Same Storm, Different Boats but We All Have This

The mental health crisis unfolding against the back drop of the pandemic is a story of its own.  The worries of people are vast and steeped with layers of anxiety, numbness, stress, lack of control and the unknown.  Feelings of joy, optimism and aha moments are also swirled in this emotional cauldron.  Anger too.

Something I’ve struggled with when writing pieces to help support emotional health and relationships during this pandemic is how to be helpful while honoring everyone’s experience.  Many are relatively comfortable while sheltering in place as they weather the storm and have the “luxury” of time to practice self-care or contemplate silver linings.  But others are in serious crisis wondering how they are going to pay for food to feed their families or living in logistically challenging circumstances.

I read something that spoke to me and I’d like to share it, by an unknown author.

We are not in the same boat.

I heard that we are all in the same boat, but it’s not like that. We are in the same storm, but not in the same boat. Your ship could be shipwrecked and mine might not be. Or vice versa.

For some, quarantine is optimal. A moment of reflection, of re-connection, easy in flip flops, with a cocktail or coffee. For others, this is a desperate financial & family crisis.

For some that live alone they’re facing endless loneliness. While for others it is peace, rest & time with their mother, father, sons & daughters.

With the $600 weekly increase in unemployment some are bringing in more money to their households than they were working. Others are working more hours for less money due to pay cuts or loss in sales.

Some were concerned about getting a certain candy for Easter while others were concerned if there would be enough bread, milk and eggs for the weekend.

Some want to go back to work because they don’t qualify for unemployment and are running out of money. Others want to kill those who break the quarantine.

Some are home spending 2-3 hours/day helping their child with online schooling while others are spending 2-3 hours/day to educate their children on top of a 10-12 hour workday.

Some have experienced the near death of the virus, some have already lost someone from it and some are not sure if their loved ones are going to make it. Others don’t believe this is a big deal.

Some have faith in God and expect miracles during this 2020. Others say the worst is yet to come.

So, friends, we are not in the same boat. We are going through a time when our perceptions and needs are completely different.

Each of us will emerge, in our own way, from this storm. It is very important to see beyond what is seen at first glance. Not just looking, actually seeing.

We are all on different ships during this storm experiencing a very different journey.

-Unknown author

With such vastly different experiences, there is something we all have.  Our breath.  Mindfulness research has shown that intentional breathing can reduce anxiety by teaching your brain and body to relax.  It seems now maybe more than ever, a mindfulness practice can be provide solace and respite from our collective angst.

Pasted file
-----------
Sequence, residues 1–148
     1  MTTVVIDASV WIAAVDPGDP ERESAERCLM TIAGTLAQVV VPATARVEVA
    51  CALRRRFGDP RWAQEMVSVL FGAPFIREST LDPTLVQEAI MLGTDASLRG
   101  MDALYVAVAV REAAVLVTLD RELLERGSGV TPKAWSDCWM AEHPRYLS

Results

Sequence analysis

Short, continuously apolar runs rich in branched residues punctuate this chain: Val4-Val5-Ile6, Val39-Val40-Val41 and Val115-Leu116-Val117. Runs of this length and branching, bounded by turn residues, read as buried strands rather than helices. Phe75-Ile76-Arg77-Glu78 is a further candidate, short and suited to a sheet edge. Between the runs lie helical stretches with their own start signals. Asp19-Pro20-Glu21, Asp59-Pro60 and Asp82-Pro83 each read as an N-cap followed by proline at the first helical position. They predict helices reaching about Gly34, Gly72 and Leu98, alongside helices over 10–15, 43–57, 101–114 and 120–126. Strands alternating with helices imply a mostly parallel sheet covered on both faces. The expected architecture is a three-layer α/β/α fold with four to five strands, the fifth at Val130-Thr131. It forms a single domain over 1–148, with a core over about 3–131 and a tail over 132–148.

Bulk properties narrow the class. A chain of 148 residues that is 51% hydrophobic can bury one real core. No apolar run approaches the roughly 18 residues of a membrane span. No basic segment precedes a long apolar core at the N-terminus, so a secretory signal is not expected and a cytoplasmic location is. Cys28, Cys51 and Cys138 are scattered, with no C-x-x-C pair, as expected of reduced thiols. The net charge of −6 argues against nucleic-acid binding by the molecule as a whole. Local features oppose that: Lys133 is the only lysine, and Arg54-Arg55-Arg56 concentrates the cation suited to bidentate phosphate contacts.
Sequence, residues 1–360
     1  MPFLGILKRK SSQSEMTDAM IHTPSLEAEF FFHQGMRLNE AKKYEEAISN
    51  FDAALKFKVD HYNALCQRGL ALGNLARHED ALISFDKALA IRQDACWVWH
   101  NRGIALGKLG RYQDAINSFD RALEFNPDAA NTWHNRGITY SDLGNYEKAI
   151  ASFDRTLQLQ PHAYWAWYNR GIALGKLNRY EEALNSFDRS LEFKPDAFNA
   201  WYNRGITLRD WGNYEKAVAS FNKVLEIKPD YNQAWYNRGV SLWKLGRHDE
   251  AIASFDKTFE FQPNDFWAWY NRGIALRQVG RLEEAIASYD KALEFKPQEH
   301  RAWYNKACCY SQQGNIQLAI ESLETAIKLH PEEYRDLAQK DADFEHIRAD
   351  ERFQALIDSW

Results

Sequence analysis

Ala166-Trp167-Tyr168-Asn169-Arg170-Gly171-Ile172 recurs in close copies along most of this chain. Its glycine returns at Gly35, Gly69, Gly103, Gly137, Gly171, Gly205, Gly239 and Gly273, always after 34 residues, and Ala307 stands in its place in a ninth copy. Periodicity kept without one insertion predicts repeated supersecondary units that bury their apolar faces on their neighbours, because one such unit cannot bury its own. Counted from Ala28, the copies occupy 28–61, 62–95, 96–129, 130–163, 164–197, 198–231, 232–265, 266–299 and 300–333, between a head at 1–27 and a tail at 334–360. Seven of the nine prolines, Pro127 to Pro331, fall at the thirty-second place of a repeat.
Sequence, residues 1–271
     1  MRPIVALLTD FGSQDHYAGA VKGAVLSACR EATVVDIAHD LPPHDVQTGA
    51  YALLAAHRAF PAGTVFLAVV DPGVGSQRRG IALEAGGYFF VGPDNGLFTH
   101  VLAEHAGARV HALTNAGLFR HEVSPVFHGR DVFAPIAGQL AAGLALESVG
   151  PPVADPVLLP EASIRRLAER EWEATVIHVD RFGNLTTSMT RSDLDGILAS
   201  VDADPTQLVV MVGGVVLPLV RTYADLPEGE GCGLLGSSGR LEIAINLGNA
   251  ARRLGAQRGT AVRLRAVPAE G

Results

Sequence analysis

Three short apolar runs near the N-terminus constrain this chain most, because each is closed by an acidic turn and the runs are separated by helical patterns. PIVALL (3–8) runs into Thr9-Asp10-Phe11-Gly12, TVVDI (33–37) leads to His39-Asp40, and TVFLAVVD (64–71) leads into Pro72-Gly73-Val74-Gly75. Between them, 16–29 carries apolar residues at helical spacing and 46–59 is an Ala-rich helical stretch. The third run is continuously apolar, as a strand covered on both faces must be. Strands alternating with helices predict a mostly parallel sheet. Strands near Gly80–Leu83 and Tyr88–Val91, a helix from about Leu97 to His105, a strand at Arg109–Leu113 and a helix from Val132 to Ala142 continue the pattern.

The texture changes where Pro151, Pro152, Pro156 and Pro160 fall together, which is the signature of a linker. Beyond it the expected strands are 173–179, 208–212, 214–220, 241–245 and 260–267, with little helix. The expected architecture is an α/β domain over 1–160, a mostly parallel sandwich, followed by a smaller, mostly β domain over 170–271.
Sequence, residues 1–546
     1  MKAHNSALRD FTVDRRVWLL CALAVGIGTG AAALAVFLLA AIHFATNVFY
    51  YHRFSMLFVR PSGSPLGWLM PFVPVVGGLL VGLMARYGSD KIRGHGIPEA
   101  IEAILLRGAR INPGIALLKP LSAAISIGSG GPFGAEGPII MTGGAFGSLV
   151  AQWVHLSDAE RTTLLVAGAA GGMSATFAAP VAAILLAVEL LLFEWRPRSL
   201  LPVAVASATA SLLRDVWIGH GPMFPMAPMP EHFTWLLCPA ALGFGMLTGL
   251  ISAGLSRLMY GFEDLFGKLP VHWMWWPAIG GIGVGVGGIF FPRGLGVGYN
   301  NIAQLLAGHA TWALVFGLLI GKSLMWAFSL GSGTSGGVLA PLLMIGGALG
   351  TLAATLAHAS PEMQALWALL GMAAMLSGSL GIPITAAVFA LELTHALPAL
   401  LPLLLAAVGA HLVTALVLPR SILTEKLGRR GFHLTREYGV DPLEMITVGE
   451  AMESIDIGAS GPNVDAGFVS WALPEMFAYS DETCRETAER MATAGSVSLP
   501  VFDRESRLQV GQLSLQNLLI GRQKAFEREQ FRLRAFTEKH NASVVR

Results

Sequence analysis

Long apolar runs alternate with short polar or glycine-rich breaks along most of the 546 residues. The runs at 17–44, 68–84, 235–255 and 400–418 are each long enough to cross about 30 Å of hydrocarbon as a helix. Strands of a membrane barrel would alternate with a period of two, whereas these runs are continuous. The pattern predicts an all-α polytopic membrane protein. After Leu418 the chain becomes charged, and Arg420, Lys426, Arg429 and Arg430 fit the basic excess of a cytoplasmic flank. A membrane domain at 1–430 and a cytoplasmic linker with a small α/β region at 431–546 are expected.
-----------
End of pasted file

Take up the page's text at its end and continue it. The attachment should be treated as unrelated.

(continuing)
It’s really just breathing with more focus and intention.  That being said, it may feel strange and even difficult.  Many report frustration that they can’t do it “right” because they struggle to stop the chatter in their minds.  Mindfulness meditation asks that you sit and focus on your breath, to notice your thoughts and let them pass by with no judgment as you re-focus on your breath.

Below is a 10-minute guided meditation by Dr. Elisha Goldstein, PhD is co-founder of The Center for Mindful Living in West Los Angeles, author and speaker who “synthesizes the pearls of traditional psychotherapy with a progressive integration of mindfulness to achieve mental and emotional healing.”


If you have tried mindfulness meditation and feel comfortable sitting for a bit longer, here is a 25-minute guided meditation called “Nourish in Place” which was created during this pandemic.

I love the idea that we are in the same storm but not the same boat as it allows us all to be “in this together” while honoring our unique logistical and emotional experiences, some vastly more challenging than others.

Dr. Goldstein is currently offering free membership to The Mindful Living Collective, an abundant resource with a mindful training library, weekly live events and meditations as well as the opportunity to connect with others to share and learn as you wish.

If a mindfulness practice is not for you, may find the resources and self-care routines that resonate so you can find calm in this storm.

Lisa Brookes Kift, MFT

Lisa Brookes Kift, MFT

Lisa Brookes Kift, MFT is the creator of with emotional and relationship health articles, guides, courses and other tools for individuals and couples. She is a frequent consultant for the media having appeared in,, and others. Lisa has a private practice in Marin County, CA and offers Emotional Health and Relationship Consultations via email, phone or video conference.